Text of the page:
Great blue herons are big birds, much larger than the birds we often see in the trees in our yards and parks. They look a little awkward with their long legs and big bodies, but in flight they are smooth and graceful.
These birds are named for their color, but it’s not the same bright blue you see on a blue jay. Instead, they are more of a bluish-gray, with some dark blue or nearly black crown feathers on their heads.
Here are some more facts about these beautiful birds.
A great blue heron could be even taller than you! They stand between 3 feet and 4½ feet tall.
Great blue herons are big birds, but they only weigh between 5 pounds and 6 pounds. They are light because their bones are hollow. In fact, all birds have hollow bones.
These herons nest in large colonies. Sometimes 500 nests or more are located in one area. They usually build their nests in trees or bushes, but sometimes on the ground.
Great blue herons are one of more than 60 herons in the world. They are in the same family as egrets and bitterns.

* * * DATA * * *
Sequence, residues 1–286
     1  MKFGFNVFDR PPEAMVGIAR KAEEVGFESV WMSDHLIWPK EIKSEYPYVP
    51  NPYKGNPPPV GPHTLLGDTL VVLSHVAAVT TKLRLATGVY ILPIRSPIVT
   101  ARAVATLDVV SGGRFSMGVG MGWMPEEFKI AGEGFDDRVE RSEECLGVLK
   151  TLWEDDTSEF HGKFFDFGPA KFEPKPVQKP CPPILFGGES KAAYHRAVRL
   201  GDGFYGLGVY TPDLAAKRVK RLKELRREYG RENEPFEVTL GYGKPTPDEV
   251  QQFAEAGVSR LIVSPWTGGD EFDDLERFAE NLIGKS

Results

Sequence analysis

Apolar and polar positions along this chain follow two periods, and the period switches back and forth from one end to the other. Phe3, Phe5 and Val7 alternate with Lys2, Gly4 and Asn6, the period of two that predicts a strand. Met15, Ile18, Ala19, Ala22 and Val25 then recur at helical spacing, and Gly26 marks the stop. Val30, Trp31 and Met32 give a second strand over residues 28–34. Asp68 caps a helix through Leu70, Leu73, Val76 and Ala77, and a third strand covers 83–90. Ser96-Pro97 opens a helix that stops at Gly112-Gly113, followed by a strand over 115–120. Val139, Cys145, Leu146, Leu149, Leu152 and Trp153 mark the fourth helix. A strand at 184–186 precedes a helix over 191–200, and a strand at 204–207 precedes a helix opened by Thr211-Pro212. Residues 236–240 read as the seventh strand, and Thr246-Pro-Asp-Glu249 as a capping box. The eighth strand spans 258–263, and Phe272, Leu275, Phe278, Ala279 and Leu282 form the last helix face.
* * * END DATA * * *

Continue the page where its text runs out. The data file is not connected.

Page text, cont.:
Their nests can be very big. Some are as much as 4 feet wide and 3½ feet deep. That’s as deep as the shallow end of a swimming pool.
These birds love water. They are often seen standing or wading in the shallow waters of mashes, ponds, lakes, streams and rivers.
Great blue herons eat a lot of different kinds of small animals. Because they are often in or near water, they eat a lot of fish, frogs and turtles. They also eat rodents, small birds, snakes and insects.
The necks and bills of great blue herons help them hunt. Their bills are long and sharp, so they can pierce fish. They are also able to stretch out their necks to catch prey that’s farther away.